We leave for our shelter tour in two days. As always, I’m excited but nervous and slightly overwhelmed. There are so many details, so many new people, new places, and hundreds of miles to drive.
Often when I reach out to a shelter director or Animal Control officer about a possible visit, they are skeptical. Some outright ignore my emails or don’t return my calls.
I get it. I do.
They don’t understand why we would want to visit their shelter. We aren’t a rescue organization, a local citizen, or a potential adopter. We smack of ‘media’ which can make plenty of people wary considering how often media have mixed motives in visiting a shelter.
I explain that we want to help. We want to meet them, see the shelter, learn their story, and find ways we can help in the moment with professional pictures, social media attention, and a few donations, and also in the year to come with grant-writing assistance, resource programs, connections, and continued support.
In a place where every day is likely a battle to save lives, we can be seen as a couple of Pollyannas who will interrupt the day’s work, but I hope they will sense the respect we have for what they do, the sincere effort we will make to understand their particular challenges and the support we have come to offer.
We are there primarily to learn their story and offer help, but with each new shelter or rescue organization, I am always hopeful I will find another clue. One more piece of this puzzle of how we can stop the onslaught of too many dogs, too few resources, so much suffering, and too many deaths. I understand that each of these heroes we meet are knee-deep or neck-deep in the battle, and they may not be able to see beyond today’s fight.
But if we can bring some fresh hope, it will be worth the travel. If our presence validates the importance of the work they do, it is more than worth crappy hotel rooms, peanut butter sandwiches, and the time away from my own pups (and family).
I’m always hopeful that we will be able to share ideas gathered from some of the shelters in the eleven states we’ve visited—places were like-minded souls work toward the same goals—humane care, homes for the adoptable, assistance to pet owners, resources for their community, a future that looks different where overwhelm isn’t the pace of their days and there is time to nurture and care for the souls placed in their path.
Most everyone who is in shelter work landed there because they love animals. Which is how I know that everywhere we go, we will meet kindred spirits. If they will just let us in the door.
As we prepare to leave, I am still working the phone and email, trying to reassure and answer questions and get our feet in the door. I know from previous trips that the plan I have so neatly laid out will be unlikely to play out as I imagine.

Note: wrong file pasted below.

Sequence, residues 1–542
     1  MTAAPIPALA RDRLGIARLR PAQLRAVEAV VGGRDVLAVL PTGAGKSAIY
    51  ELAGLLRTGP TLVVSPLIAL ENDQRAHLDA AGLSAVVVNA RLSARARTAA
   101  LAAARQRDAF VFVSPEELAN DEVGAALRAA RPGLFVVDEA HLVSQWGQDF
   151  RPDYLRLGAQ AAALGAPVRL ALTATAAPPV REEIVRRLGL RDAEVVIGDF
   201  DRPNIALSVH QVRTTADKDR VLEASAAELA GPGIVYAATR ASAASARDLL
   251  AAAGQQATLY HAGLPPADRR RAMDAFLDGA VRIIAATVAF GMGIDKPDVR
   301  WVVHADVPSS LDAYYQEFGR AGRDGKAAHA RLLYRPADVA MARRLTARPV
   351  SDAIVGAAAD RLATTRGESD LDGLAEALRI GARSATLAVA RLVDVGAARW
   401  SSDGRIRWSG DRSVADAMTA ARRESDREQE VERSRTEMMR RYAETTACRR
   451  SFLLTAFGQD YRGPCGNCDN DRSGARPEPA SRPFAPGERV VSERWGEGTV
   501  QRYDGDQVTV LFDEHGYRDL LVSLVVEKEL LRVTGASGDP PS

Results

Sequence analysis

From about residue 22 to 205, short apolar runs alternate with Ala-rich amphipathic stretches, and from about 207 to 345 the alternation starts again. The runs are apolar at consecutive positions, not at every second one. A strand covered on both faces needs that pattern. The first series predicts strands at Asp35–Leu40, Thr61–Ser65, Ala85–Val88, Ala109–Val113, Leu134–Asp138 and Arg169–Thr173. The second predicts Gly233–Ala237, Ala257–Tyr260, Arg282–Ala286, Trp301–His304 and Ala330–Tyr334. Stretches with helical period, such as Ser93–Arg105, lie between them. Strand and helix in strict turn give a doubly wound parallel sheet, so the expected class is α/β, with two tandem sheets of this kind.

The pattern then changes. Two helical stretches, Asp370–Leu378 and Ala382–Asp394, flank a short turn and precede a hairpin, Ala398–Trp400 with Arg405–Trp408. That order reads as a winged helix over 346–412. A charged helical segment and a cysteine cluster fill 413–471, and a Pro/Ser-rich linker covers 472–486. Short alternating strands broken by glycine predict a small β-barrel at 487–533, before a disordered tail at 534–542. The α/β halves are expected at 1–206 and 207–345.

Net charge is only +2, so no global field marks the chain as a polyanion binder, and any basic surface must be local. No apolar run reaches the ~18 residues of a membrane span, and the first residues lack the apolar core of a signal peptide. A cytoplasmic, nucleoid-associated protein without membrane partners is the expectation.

So I’m excited, and nervous, but ever so hopeful. By Saturday, we’ll be in North Carolina meeting our first heroes and after that we’ll be in Georgia for several days before heading down to Florida for more than a week’s worth of visits (and hopefully some sunshine!) before traveling back to Georgia and Alabama and then heading home.
Two weeks. They will be long but they will be worth it. That much I know. You can follow our journey on Facebook where I will post daily updates and live videos in many of the shelters and rescues we visit. You can also follow us on Instagram and TikTok where we have two awesome new volunteers handling those outlets and using their passion and creativity to raise awareness and share the stories.
We appreciate any way you can help us get the word out because we continue to believe that the problem is not that people don’t care, but that they don’t know.
Thank you to everyone who has supported our work with your donations and who has sent supplies for us to take to the shelter. If you’d still like help, you can. Just visit our page to make a donation or you can watch for the links we will post to Amazon Wishlists, websites, and donation pages for each of the shelters and rescues we visit.
Until each one has a home,
The mission of Who Will Let the Dogs Out (we call it Waldo for short) is to raise awareness and resources for homeless dogs and the heroes who fight for them.
You can learn more about what is happening in our southern shelters and rescues in the book, One Hundred Dogs & Counting: One Woman, Ten Thousand Miles, and a Journey Into the Heart of Shelters and Rescues (Pegasus Books, 2020). It’s the story of a challenging foster dog who inspired me to travel south to find out where all the dogs were coming from. It tells the story of how Who Will Let the Dogs Out began. Find it anywhere books are sold. A portion of the proceeds of every book sold go to help unwanted animals in the south.
Amber’s Halfway Home is a short documentary film we produced in partnership with Farnival Films. It follows the work of a remarkable woman and one day of rescue in western Tennessee. Selected for fifteen film festivals (to date), it’s won eight awards (including Best Short Doc, Best Soundtrack, Best of Fest, and Audience Choice), and was nominated for an Emmy! It is a beautiful, heartbreaking, inspiring story we hope will compel viewers to work for change. Please watch it and share it far and wide.